US 2316117 A
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Description (OCR text may contain errors)
April 6, 1943. E. F. TILLEY 2,316,117
CHUCK FOR ROTATING AND ADVANCING TUBING OR OTHER MATERIAL Filed Feb.- 11, 1941 2 Sheets-Sheet 1 1 Fig.1
O0 OO INVENTOR.
mm: 1. Elle,
April 6, 1943. E. F. TILLEY 2,316,117
CHUCK FOR ROTATING AND ADVANCING TUBING OR OTHER MATERIAL Filed Feb. 11, 1941 2 Sheets-Sheet 2 Z5 z? I \y I INVENTOR v lia na imli'fl 'll BY m2 91%,
Patented Apr. 6, 1943 UNITED STATES PATENT OFFICE CHUCK FOR- ROTATING AND ADVAN CIN G TUBING OR OTHER MATERIAL 1 Claim.
The invention herein disclosed relates to mechanism for rotating and advancing tubular or other forms of stock and is a continuation in part of copending patent application Ser. No. 209,185 filed May 21, 1938, Patent 2,251,642 of Aug. 5, 1941.
Objects of the invention are to provide simple, practical means which will grip the stock firm enough for both rotating and feeding it axially, without crushing or otherwise injuring or impairing 1t; to enable the regulation of the turning movement in respect to the axial feed or conversely, the feed in respect to the rotation; to avoid strain or wear of parts and to compensate readily for such wear as may occur; to enable ready adjustments to compensate for variations in size of stock and in general to provide an efficient device of the character outlined, of compact design and consisting of but relatively few, sturdy parts, well capable of carrying the loads imposed upon them.
The foregoing and other desirable objects are attained by novel features of construction, combinations and relations of parts as hereinafter described, illustrated in the accompanying drawings and broadly covered in the claim.
The drawings illustrate one commercial embodiment of the invention and certain modifications. The structure however may be further modified and changed all within the true intent and scope of the invention as hereinafter defined and claimed.
Fig. 1 is a broken and partly sectional top plan view of one embodiment of the invention.
Fig. 2 is a broken part sectional front view of the stock rotating and advancing mechanism.
Fig. 3 is an enlarged broken sectional view as on substantially the plane of line 3-3 of Fig. 2.
Fig. 4 is a sectional detail as on line 4--4 of Fig. 3.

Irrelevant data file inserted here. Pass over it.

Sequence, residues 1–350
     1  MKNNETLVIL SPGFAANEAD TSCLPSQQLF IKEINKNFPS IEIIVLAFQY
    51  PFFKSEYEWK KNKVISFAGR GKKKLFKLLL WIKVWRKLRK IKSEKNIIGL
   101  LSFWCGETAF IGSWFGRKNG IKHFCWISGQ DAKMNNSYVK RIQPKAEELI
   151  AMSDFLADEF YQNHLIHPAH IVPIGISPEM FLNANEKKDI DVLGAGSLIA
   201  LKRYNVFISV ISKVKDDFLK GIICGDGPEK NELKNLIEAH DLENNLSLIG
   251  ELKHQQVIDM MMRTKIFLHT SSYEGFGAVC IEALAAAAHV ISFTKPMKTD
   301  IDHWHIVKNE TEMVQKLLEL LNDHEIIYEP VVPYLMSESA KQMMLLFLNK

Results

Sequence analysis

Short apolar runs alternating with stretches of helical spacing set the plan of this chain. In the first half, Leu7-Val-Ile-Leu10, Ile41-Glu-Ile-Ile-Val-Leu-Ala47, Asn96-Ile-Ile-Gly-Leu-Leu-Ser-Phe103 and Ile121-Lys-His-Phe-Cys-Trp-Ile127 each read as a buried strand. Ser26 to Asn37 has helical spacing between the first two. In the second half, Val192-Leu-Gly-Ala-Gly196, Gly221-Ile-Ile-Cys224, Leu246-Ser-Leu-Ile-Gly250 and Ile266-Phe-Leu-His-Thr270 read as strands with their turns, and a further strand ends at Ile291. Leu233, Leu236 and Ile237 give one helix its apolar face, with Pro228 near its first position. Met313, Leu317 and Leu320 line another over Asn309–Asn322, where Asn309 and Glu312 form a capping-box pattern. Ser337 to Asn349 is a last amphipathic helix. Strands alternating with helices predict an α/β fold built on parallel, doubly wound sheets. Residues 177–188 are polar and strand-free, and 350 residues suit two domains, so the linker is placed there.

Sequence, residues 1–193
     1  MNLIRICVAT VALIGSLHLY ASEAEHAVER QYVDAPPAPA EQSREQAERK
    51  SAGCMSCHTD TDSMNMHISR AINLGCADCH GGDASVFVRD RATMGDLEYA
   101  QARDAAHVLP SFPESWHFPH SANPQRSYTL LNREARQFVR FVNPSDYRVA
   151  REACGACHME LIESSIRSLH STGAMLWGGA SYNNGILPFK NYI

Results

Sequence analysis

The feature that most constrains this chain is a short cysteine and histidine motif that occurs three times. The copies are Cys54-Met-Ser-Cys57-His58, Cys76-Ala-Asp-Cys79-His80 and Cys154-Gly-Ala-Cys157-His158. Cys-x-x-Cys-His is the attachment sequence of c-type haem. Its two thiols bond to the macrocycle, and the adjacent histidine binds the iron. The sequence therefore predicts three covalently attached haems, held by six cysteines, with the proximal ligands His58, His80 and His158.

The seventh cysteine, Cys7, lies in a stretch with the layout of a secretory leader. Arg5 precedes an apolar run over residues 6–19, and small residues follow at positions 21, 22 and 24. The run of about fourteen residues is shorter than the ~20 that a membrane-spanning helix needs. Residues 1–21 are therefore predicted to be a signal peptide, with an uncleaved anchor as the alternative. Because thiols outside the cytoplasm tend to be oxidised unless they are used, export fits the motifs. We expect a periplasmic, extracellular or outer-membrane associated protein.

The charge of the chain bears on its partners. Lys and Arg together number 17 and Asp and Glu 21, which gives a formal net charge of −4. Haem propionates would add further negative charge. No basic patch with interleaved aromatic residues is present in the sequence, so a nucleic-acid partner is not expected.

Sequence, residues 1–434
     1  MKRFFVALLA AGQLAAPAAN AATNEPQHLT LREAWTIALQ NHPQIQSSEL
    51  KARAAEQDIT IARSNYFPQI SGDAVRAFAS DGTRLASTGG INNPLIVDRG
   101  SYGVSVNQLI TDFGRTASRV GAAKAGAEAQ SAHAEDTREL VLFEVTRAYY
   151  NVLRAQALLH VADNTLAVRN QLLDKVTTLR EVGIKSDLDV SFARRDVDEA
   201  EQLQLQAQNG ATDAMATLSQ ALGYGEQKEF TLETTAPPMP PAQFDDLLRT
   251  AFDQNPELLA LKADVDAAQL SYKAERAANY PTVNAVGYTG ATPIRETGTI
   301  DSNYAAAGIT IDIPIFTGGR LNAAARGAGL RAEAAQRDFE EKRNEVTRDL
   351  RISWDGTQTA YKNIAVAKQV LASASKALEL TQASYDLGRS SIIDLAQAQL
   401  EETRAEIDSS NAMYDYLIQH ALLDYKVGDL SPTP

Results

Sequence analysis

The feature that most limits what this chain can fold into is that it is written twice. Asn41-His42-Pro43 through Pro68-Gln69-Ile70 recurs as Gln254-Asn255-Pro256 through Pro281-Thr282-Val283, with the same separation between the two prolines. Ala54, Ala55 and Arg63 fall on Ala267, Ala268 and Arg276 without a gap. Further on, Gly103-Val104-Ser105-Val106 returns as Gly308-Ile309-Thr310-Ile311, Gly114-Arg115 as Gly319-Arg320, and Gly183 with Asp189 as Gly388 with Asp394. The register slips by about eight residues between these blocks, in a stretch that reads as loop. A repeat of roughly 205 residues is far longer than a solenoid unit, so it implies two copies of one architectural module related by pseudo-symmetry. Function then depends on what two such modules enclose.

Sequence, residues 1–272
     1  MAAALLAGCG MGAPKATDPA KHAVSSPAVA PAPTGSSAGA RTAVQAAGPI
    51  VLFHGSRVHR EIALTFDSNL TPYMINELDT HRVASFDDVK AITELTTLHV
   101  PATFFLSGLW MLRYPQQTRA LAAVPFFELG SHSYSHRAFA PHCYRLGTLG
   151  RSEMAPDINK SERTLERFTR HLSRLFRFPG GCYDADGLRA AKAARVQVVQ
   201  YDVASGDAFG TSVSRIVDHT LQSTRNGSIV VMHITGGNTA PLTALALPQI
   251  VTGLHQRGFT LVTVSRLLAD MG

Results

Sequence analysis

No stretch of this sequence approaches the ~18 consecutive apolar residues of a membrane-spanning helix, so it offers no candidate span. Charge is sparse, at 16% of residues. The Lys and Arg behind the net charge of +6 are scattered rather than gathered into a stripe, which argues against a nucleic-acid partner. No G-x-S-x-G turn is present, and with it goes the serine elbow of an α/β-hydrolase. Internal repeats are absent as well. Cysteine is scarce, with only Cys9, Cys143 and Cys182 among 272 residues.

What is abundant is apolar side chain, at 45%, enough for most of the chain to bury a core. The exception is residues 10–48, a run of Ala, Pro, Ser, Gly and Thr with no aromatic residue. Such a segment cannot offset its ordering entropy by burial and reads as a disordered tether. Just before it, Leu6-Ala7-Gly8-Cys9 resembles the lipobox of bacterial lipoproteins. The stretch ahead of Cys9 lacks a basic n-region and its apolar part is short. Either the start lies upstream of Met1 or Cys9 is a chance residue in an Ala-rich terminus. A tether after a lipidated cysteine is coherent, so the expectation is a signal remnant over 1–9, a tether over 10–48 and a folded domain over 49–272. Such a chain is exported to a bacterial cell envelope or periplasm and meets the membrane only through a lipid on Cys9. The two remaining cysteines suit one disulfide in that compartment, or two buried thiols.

Fig. 5 is a fragmentary sectional view of a modified form of combined worm gear and stock feeding roll.
Fig. 6 is a broken sectional view illustrating one form of change speed gearing for driving the stock feed rolls at different selected speeds.
Fig. 7 is a broken sectional detail of a form of anti-friction thrust bearing for the worm drive shafts.
The machine illustrated is in the nature of a special chuck having stock gripping jaws in the form of rolls on axes at ri angles t0 the axis of the stock and driven, in the rotation of the chuck at such speed as to advance the work at a desired rate in proportion to the speed of rotaengaging bevel pinions H, on the outer ends of radial shafts 18, carrying worms l9, at the inner ends driving work engaging worm gears 20.
For the purpose of gripping the tubing or other stock 2|, the worm gears may be cut with a relatively sharp screw thread, which to some extent, will bite into the surface of the work.
To determine the extent of such bite or grip on the stock, the worm gears may be mounted in radially adjustable relation, as indicated particularly in Fig. 4, by mounting them on spindles 22, located in the slots 23, in the projecting brackets 24, on the face of the rigid retaining ring l5, said spindles being adjusted and secured in the desired relation by the set screws 25.
The brackets 24, are shown as radially slotted at 26, to receive, guide and brace the worm gears, the latter being rotatably engaged on the spindles 22, and slidable in the slots 26, in the radial adjustment of the spindles required to set the gears in proper gripping engagement with the work,
Three of the work engaging worm gears are shown Fig. 2, spaced equi-distantly about the chuck center. These afford a good grip on the work and distribute the pressure so uniformly that the maximum pressure needed may be applied without crushing or otherwise injuring even a thin walled tubing. It is contemplated however, that a greater or a less number of these work feeding gears may be employed if found or considered desirable.
The main or supporting gear ID, and the relatively rotatable ring gear I4, carried thereby, are shown as separately driven by spur gears 21, 28, on a shaft 29, which as indicated in Fig. 1, may be operated by a pulley or other drive element 30.
By proper selection of the gear ratios, the worm gears 20, carried by the main gear ID, will be rotated from the ring gear 14, at a speed to advance the work through the chuck at a rate proportioned as desired in relation to the speed of chuck rotation, as for example, to wind on a strip of finning material at a certain helical pitch angle, as disclosed in the parent case Ser. No. 209,185, Patent 2,251,642.